Welcome to The Employability Forum
Our mission is to provide you with the tools you need to find employment in the UK, and how you can improve your employment if you are already employed.
Let's begin by looking at how employment laws in the UK may affect you.
As an employee in the United Kingdom, you are covered by a vast number of different employment laws. These laws are designed to protect both the employer and the employee. Breaking these laws can result in a fine for the company or even a prison sentence for the legally liable person, if the breach is deemed to be serious enough. There are too many employment laws in the United Kingdom to be able to cover every one in a single article, so this piece will only touch on the major laws that could affect you as an employee.
National Minimum Wage
All employees have the right to be paid the National Minimum Wage for their age group and employment type. As of October 2016, the minimum wage for people over the age of 25 was £7.20 per hour. Those aged 21 to 24 are entitled to £6.95, those aged 18 to 20 are eligible for £5.55 per hour and those who are under 18 years old are entitled to £4.00. If you are on a formal apprenticeship scheme then the National Minimum Wage is £3.40. All rates can be found on the governments website.
Pregnant employees must be given a reasonable amount of time off to attend medical appointments that are related to their pregnancy. The partner of a woman who is pregnant is also able to take unpaid time off of work to accompany their partner to her antenatal appointments.
The employee is permitted to take up to fifty two weeks off as maternity leave, which can be divided into twenty six weeks of ordinary maternity leave and twenty six weeks of additional maternity leave. An employee is entitled to receive Statutory Maternity Pay if they've been in regular employment with their employer for at minimum twenty six weeks, and the fifteenth week of employment concluding before the week when childbirth is expected. Those who are entitled to SMP are eligible for 90% of their average weekly earnings for the first six weeks of maternity leave, and then £139.58 or 90% of the average weekly earnings (whichever figure is lower) for the next thirty three weeks of their leave. Those who are not eligible for Statutory Maternity Pay will receive a maternity allowance from the government. As of 2015, many fathers have been given the right to share statutory leave and pay if the mother chooses not to use all of her allowance.
Employees with children have the right to take a reasonable amount of time off work to deal with an emergency situation involving their dependants. Equality laws mean that they cannot be discriminated against or victimised for taking this time off. The parent may be expected to make alternative arrangements in non-emergency situations, but the employer should be fair and reasonable about these requests.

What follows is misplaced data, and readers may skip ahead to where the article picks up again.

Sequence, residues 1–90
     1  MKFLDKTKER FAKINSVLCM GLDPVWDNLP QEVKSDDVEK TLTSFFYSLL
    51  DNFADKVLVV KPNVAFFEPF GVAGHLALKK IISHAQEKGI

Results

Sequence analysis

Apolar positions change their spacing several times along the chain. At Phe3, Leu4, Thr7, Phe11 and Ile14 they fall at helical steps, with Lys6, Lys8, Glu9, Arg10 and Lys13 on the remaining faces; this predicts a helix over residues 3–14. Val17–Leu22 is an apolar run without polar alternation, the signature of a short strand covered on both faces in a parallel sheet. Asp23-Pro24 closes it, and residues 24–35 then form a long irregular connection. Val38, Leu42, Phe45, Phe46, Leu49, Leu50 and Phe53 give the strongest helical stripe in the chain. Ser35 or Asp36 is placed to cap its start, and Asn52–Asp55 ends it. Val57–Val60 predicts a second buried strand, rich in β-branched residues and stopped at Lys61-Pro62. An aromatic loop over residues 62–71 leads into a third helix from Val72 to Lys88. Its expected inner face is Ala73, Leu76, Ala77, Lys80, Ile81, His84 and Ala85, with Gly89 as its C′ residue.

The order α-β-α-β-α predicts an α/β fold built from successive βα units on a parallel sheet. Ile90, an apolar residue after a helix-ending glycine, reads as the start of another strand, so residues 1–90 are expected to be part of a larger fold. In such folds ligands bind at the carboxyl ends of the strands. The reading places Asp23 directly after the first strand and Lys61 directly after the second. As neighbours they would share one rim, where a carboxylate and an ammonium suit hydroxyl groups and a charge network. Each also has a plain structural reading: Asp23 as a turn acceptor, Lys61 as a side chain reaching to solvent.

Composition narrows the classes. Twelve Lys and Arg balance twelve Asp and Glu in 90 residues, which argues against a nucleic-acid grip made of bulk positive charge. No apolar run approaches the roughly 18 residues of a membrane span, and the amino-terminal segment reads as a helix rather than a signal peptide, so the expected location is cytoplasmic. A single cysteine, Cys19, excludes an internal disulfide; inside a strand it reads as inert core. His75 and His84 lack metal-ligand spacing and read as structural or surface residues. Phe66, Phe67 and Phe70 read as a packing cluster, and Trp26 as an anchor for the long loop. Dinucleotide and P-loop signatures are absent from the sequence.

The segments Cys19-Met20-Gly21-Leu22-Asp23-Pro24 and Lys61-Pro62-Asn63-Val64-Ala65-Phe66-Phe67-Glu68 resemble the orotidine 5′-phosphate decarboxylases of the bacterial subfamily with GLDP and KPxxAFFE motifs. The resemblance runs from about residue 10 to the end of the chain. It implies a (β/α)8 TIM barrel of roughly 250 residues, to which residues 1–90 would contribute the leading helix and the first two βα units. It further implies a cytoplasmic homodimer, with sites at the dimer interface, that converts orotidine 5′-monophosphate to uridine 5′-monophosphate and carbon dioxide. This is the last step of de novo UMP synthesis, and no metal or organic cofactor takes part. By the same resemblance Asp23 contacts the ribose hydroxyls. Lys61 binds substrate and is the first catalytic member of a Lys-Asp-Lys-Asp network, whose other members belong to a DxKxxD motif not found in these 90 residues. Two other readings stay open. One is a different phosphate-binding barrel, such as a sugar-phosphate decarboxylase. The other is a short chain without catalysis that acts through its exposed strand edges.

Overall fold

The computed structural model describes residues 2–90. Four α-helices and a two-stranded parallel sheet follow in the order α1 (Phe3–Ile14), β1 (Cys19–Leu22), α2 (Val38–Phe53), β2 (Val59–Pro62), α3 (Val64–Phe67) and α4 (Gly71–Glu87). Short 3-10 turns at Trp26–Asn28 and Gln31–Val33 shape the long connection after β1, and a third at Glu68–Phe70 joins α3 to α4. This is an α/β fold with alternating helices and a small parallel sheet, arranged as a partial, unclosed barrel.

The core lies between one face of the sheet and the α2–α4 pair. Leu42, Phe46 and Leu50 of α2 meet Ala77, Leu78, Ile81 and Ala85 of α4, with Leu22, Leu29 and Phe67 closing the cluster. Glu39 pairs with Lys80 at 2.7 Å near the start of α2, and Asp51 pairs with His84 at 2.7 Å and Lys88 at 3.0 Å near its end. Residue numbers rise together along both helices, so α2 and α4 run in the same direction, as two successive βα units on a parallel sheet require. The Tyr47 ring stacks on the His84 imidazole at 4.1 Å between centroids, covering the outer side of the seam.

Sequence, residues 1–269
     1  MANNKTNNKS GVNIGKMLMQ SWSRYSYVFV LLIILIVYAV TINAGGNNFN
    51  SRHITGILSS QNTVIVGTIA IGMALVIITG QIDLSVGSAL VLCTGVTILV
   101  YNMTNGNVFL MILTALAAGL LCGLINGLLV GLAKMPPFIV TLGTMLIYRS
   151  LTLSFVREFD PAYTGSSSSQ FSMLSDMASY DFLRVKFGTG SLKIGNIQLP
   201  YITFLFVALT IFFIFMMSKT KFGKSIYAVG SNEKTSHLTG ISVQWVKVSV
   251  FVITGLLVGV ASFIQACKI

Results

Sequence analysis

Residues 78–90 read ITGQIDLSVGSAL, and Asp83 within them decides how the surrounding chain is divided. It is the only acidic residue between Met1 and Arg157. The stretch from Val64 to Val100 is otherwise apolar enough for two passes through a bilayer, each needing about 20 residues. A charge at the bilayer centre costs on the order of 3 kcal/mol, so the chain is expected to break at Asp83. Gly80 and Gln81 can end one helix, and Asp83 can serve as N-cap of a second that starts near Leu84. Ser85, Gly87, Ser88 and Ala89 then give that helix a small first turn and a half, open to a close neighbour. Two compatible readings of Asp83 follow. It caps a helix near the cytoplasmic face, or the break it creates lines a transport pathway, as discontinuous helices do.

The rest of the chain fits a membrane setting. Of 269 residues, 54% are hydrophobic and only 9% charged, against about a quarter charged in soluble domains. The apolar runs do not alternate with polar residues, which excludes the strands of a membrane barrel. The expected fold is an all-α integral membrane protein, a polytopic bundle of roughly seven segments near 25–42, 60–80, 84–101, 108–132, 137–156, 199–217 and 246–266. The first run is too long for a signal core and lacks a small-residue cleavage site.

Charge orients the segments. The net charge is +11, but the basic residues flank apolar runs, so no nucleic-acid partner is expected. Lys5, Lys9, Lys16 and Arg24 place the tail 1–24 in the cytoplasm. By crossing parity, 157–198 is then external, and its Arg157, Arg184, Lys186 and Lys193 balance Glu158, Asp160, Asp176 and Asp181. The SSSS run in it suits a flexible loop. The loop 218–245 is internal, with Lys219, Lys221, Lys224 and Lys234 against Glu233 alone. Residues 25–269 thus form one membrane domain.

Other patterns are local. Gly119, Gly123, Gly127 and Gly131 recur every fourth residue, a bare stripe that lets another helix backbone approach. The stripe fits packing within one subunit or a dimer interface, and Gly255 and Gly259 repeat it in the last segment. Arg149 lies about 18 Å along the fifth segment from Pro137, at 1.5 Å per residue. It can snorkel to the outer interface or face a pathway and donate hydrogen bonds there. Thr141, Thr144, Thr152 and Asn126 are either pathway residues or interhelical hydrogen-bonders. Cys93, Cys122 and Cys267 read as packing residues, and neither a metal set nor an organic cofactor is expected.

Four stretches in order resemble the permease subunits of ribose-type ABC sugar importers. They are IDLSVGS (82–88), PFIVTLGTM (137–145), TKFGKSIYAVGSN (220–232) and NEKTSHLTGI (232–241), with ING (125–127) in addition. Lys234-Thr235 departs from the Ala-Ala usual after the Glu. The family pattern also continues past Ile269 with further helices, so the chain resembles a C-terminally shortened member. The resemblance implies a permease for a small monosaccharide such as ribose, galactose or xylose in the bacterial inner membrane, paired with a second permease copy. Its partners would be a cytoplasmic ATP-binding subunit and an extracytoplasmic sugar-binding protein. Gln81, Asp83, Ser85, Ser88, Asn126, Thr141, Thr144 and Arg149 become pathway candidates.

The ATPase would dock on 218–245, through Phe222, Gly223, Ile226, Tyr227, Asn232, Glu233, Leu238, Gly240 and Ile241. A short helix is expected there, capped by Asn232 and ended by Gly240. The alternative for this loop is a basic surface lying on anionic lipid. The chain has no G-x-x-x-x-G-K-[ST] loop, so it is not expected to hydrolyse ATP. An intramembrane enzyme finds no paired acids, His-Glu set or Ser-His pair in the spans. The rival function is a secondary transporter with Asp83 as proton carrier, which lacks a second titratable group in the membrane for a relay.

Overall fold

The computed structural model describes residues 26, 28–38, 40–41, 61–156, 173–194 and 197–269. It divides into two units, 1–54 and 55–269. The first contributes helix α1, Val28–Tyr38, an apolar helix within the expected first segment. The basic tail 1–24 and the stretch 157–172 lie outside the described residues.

Health & Safety
All employers have a responsibility to their employees health and safety at work which means they have to make sure their employees are protected against anything that could cause them harm. Risk assessments should always be undertaken to ascertain what risks exist that may cause harm to their employees in their workplace environment. The employer should inform their employees of any risks involved and inform employees of how they are protected from these risks, and provide training where necessary. Ensuring employers follow Health and Safety guidelines not only protects their employees from possible injury but also helps protect the employer if a claim for a work injury is brought against them.
Health and Safety at work is a two way street and as an employee you also have responsibilities. Employees are not only responsible for their own health and safety but of fellow workers and to any people that may be affected by the actions you take.
Employers may not discriminate against employees or job applicants because of their age, race, sex, disability, marital status (including civil partnerships), sexual orientation, pregnancy, or religious beliefs. The UK Equality Act also seeks to protect people from harassment in the workplace. It is the employer's responsibility to ensure that employees are not suffering discrimination or harassment from any of their colleagues.
Employees are entitled to a minimum amount of paid annual leave every year, based on how much they work over the course of the year. All employees are entitled to 5.6 weeks of paid holiday, which can include bank holidays and national holidays such as Christmas Day. Part-time workers are entitled to the equivalent of 5.6 weeks of paid leave per year, based on their working pattern. For example, if a part-time employee normally works 4 days a week, they would be entitled to 22.4 days holiday (based on 5.6 weeks multiplied by 0.8 of a working week). If a worker has to work on a Bank Holiday, they will be given another day off in lieu.
Termination of Contract
All employees who have been in their current role for longer than 1 month are required to give notice of at least one week. The employer is required to give the employee the same notice period if they wish to terminate the contract. Those who have been working for more than two years of continuous employment must be given one week for each year of employment, up to a maximum of 12 weeks. The length of time that an employee must give should be stipulated in their employment contract. This figure can be challenged if it is deemed to be unreasonable.
If an employee is made redundant by their employer, then the employee is entitled to receive compensation payment for their lost employment. The amount that they are entitled to receive will be calculated based on their weekly pay, age and length of service. Redundancy payments are only required for those who have been in continuous employment for at least two years.